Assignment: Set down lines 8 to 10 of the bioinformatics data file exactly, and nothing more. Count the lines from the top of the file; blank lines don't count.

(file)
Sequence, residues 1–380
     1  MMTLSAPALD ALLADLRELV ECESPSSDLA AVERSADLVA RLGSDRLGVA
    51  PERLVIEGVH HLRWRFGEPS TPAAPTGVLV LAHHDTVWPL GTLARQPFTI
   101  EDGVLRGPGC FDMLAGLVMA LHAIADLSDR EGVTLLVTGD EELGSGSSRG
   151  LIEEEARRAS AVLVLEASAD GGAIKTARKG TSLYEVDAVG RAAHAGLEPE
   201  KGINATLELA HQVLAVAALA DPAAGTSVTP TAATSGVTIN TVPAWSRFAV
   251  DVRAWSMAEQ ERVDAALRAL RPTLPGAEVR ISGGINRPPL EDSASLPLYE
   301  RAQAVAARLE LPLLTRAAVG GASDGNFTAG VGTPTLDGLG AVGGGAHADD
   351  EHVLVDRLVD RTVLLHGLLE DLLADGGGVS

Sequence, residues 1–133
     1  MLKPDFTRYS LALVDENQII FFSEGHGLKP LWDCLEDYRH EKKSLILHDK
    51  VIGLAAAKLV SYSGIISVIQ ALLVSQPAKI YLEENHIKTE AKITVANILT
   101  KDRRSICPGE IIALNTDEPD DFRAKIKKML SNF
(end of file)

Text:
   301  RAQAVAARLE LPLLTRAAVG GASDGNFTAG VGTPTLDGLG AVGGGAHADD
   351  EHVLVDRLVD RTVLLHGLLE DLLADGGGVS

Sequence, residues 1–133